Historical cost accounting doesn’t identify real losses

 Historical cost accounting is simply not set up to identify real losses. For example:

  • Purchase price variance motivates the buyer to increase order quantities to get the best price; compromising quality, delivery and inventory & inspection costs.
  • Machine utilisation variance can motivate the worker in a cell to produce more parts than required, creating excess inventories, increasing risks of obsolescence, handling damage, hiding defects.
  • Unreported in-process rework. Accounting systems can only see the effect, so the root cause can be overlooked leading to no or misplaced so-called corrective action.

 

Juran’s categories of quality cost

 Dr. Juran took a different view in identifying and reporting cost categories, focusing on “quality costs”

In other words, all costs incurred in keeping failure and appraisal costs to a minimum.

In summary, Juran defined Cost of Poor Quality as:

 Internal failure cost + External failure cost.

He then defined Cost of Quality as:

 Internal failure cost + External failure cost + Appraisal cost + Prevention cost.

We should also consider the costs associated with ‘Ohno’s’ 7 Lean wastes.

 

Have you got an account for…?

 We don’t often encounter accounting for the likes of the…

  • Sales director’s flight, car hire & hotel to explain late delivery”

Or the

  • Temporary workers not hired following rolled throughput yield improvement”

There will almost certainly not be an

  • “Advertisement for new workers, no longer needed, not placed following process improvement (Defects per million opportunities reduction)”
    And Lean practitioners will be hard pushed to find a
  • “Space saved following 12th consecutive successful rapid improvement kaizen workshop in this area but not quite enough to get rid of the lease on that warehouse yet”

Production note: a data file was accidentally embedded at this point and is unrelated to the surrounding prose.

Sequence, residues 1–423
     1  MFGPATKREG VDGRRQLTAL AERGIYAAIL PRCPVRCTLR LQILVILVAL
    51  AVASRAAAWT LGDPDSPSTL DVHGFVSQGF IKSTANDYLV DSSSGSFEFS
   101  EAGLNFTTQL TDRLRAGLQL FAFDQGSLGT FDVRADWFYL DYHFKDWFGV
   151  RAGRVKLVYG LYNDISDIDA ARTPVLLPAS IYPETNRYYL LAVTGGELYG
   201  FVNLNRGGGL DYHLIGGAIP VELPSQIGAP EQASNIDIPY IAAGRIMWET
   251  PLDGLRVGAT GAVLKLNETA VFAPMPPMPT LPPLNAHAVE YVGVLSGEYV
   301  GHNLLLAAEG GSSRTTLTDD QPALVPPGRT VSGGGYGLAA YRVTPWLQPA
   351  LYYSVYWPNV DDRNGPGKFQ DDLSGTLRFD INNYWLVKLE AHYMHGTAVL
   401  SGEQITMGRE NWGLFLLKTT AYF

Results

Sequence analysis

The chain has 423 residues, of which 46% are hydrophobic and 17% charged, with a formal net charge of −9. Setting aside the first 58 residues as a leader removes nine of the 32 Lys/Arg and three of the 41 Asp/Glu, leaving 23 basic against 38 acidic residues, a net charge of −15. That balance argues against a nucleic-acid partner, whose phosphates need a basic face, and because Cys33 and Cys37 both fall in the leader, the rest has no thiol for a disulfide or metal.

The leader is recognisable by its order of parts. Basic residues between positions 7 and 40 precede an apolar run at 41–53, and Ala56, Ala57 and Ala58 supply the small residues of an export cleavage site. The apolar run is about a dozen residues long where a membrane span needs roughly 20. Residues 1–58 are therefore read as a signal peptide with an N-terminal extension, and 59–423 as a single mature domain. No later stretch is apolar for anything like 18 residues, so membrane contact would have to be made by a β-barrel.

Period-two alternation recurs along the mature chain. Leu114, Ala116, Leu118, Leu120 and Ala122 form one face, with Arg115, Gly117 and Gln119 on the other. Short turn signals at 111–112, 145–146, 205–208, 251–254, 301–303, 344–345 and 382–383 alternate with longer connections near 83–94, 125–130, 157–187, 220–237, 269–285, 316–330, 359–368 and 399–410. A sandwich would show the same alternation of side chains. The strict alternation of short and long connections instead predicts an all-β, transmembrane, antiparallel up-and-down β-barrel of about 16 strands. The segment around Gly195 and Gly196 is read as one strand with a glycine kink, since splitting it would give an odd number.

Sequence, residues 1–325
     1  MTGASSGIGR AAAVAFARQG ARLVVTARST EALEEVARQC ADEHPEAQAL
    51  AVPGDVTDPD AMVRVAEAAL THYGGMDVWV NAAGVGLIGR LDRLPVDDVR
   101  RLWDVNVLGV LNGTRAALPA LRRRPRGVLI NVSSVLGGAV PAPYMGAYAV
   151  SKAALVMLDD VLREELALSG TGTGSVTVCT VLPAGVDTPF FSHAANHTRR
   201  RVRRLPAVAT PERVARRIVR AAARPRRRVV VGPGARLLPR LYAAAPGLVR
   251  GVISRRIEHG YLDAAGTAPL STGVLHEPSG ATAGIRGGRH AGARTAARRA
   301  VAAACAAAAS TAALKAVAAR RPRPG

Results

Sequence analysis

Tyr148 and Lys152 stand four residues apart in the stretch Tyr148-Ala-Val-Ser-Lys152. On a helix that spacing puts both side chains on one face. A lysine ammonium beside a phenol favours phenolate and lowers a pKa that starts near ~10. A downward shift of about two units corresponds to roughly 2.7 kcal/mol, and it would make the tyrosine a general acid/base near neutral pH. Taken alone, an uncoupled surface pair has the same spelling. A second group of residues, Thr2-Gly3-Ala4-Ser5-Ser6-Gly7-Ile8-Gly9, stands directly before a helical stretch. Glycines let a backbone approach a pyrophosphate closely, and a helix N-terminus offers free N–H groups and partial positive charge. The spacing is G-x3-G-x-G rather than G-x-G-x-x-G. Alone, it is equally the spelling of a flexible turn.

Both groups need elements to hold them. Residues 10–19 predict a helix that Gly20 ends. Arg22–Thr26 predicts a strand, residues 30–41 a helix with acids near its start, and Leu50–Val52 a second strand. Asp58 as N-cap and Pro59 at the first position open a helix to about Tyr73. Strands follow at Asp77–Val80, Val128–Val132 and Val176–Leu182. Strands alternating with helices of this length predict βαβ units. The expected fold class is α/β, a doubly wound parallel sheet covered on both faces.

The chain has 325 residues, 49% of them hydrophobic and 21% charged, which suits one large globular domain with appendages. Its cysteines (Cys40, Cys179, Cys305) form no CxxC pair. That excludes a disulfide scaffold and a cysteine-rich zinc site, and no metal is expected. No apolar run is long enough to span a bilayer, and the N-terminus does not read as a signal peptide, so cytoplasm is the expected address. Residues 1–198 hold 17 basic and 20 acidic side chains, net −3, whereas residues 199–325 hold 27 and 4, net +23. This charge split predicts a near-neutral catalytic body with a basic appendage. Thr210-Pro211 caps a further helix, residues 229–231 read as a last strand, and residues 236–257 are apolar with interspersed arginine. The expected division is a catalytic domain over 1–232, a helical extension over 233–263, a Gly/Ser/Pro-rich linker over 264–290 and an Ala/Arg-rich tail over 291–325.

Costs will never decrease unless improvement projects are given some encouragement in the form of reportable monetary credit and then tracked along with all other improvement projects. Whilst cost cutting is an important discipline it is not the only discipline. Successful businesses now place great stock in measuring the effect of Customer Experience on building profitable revenue growth.

 

Hard savings are easy, soft savings are hard

 There is often considerable debate about what constitutes improvement project savings.

Hard savings

Hard savings are subject to the least debate, they refer to the absolute removal of expenditure and positively impact the profit and loss account.

Examples include:

  • Scrap reductions as a result of eliminating defects.
    More efficient use of raw materials can be a major contributor to hard savings.
  • Rework costs reduced as a result of eliminating defects, which can directly reduce the cost of paid hours.

 

Soft savings

Soft savings are harder to quantify and are open to much more debate. They are, therefore, often ignored. But they do create realistic possibilities for future hard savings, so they should be tracked and acted upon.